Why Don't We Do It in the Road Ahead?
Part 3, Security Enhancement
> Business continuity planning
> Page 3, Backing up is hard to do
Although many AEC businesses claim to have "taken care of" backup, I rarely see firms that actually follow adequate backup procedures (dentists likely observe a comparable discrepancy between patients' claimed versus actual flossing behavior). Typically, no policy is in place for periodic testing of “restore” capabilities from backup media. Short-term storage of backup tapes often is on-site in "fire-rated" media safesa flawed technique that was tragically exposed for some firms in the aftermath of September 11, 2001. Even in those cases where weekly or monthly backups are rotated off-site, the off-site location often is a warehouse a few blocks awayaffording little or no protection in the event of fire, flood or earthquake impacting more than those few blocks. For every US$1-million of firm billings per year, the risk of losing a weekly backup represents an ongoing US$20,000 exposure if a general system loss or unavailability of the firm’s premises were to occur at the most vulnerable time in the backup rotation cycle (for a monthly off-site rotation, the exposure is nearly US$90,000 per million of billingswhich implies that firms with only a monthly off-site backup rotation are risking roughly the same amount of money as their annual profit).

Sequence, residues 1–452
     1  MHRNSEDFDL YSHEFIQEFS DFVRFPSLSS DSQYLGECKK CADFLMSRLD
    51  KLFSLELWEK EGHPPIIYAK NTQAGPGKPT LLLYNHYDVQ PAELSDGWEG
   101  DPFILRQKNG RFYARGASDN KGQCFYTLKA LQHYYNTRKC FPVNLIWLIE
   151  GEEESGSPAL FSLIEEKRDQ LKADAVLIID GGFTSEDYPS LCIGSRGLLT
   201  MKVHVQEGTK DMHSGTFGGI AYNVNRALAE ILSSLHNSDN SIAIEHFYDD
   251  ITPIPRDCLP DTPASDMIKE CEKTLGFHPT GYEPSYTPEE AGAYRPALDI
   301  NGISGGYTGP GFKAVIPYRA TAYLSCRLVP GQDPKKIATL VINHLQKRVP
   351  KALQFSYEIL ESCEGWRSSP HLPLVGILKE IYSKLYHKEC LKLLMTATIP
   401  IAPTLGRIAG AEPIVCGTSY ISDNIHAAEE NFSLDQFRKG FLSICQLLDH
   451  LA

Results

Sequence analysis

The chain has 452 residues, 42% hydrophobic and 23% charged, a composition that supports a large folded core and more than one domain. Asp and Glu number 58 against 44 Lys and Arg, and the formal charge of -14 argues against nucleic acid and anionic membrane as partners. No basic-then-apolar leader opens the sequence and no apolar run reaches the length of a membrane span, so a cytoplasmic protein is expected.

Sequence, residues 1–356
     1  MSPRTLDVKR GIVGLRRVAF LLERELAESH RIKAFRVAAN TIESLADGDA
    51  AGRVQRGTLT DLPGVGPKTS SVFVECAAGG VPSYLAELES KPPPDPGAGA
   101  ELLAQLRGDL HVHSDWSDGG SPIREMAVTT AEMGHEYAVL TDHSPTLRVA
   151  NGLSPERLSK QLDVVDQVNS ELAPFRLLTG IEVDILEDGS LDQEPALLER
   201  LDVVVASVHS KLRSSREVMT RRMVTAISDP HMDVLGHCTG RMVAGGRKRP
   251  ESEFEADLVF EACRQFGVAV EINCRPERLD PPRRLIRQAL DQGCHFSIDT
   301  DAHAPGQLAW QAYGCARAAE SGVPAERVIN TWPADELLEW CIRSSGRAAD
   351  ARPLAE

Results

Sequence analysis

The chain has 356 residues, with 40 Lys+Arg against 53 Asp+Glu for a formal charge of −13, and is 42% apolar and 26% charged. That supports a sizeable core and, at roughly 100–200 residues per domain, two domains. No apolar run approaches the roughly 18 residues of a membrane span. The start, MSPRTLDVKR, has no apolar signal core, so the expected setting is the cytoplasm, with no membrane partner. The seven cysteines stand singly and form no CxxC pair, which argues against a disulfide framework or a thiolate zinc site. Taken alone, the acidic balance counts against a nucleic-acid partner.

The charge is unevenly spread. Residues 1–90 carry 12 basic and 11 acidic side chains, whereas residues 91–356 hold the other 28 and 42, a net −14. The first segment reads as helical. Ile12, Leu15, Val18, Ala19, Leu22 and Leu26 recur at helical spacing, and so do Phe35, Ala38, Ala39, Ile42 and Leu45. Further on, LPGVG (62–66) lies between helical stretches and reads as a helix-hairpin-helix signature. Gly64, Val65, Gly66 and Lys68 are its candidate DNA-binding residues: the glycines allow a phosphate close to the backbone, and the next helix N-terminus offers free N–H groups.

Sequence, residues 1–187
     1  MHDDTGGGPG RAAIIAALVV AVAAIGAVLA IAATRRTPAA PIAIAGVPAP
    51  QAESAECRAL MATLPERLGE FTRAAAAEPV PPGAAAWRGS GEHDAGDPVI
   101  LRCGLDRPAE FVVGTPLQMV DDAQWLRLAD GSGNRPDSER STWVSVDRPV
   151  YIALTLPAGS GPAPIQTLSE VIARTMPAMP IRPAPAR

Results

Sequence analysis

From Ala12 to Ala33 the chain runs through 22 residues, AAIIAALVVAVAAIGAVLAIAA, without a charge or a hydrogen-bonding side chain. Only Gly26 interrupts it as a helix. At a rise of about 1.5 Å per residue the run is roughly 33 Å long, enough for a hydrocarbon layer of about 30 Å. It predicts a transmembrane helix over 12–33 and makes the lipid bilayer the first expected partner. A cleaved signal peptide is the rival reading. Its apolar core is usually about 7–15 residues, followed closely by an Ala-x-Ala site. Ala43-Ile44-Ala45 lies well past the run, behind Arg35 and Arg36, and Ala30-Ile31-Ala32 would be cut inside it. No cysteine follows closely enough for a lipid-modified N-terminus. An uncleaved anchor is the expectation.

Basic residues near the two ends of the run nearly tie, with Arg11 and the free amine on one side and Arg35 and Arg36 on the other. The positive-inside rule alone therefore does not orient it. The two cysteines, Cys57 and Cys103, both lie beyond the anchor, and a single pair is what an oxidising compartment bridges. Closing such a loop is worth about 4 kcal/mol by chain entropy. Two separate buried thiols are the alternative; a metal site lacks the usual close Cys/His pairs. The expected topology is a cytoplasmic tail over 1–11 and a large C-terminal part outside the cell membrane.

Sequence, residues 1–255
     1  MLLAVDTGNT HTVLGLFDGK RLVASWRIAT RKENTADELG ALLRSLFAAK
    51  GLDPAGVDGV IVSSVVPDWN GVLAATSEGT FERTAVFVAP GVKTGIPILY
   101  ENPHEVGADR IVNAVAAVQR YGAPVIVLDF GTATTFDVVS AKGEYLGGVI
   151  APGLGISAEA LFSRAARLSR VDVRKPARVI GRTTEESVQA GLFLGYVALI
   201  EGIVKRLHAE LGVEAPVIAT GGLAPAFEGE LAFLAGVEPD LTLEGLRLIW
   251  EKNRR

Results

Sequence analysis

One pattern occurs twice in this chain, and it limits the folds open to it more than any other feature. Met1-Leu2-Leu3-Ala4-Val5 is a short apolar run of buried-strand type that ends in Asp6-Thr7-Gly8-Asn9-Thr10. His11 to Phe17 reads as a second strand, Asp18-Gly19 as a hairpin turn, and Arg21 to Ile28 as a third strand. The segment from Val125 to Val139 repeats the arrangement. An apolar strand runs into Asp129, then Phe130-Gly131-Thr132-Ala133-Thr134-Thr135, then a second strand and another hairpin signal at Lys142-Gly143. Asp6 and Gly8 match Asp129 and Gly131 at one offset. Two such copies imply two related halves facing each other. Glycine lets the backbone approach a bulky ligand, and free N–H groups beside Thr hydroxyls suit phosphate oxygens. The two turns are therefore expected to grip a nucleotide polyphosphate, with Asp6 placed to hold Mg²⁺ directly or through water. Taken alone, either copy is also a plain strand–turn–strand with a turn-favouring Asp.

The cost of rotating daily backup media off-site to secure premises in another geographic region might be as little as US$50 per business day, including shipping. Thus, an annual expenditure less than $15,000 would limit the data-loss risk exposure of even a small US$1-million/year firm to just one day's worth of billingsa net 133 to 600 percent savings versus the loss of a weekly or monthly backup (the cost of off-site backup rotation/storage is essentially constant regardless of firm size, making the percentage risk reduction even more favorable for mid-size and larger AEC businesses). This is surely a prudent investment (multi-office firms, with sufficient geographic diversity and plentiful wide area network or WAN bandwidth between offices, may choose to back up each office by replicating files to one or more of the other offices). It should be noted, however, that backup media are now considered discoverable in legal proceedings; therefore, the firm may wish to consult with counsel and its insurers regarding the contents, frequency, and duration of long-term data backup.
While necessary, the capability to properly backup and restore data is not sufficient. Some program files may not run properly from a restored backup, yet I rarely see AEC businesses maintaining formal procedures for preserving the original program media in secure off-site locations. Absent the original program media, software vendors typically require clear proof of purchase before furnishing replacement media, yet I rarely see any consistent procedures for organizing such records and storing true copies in secure off-site locations. Similarly, passwords, encryption keys, and other access controlswhich should be stored separately from data and programswould be necessary for a total system restoration, yet I rarely encounter AEC businesses with documented procedures for securing and preserving these records.
> Page 1, Business continuity planning
> Page 2, Computus interruptus
> Page 3, Backing up is hard to do
> Page 4, The road to recovery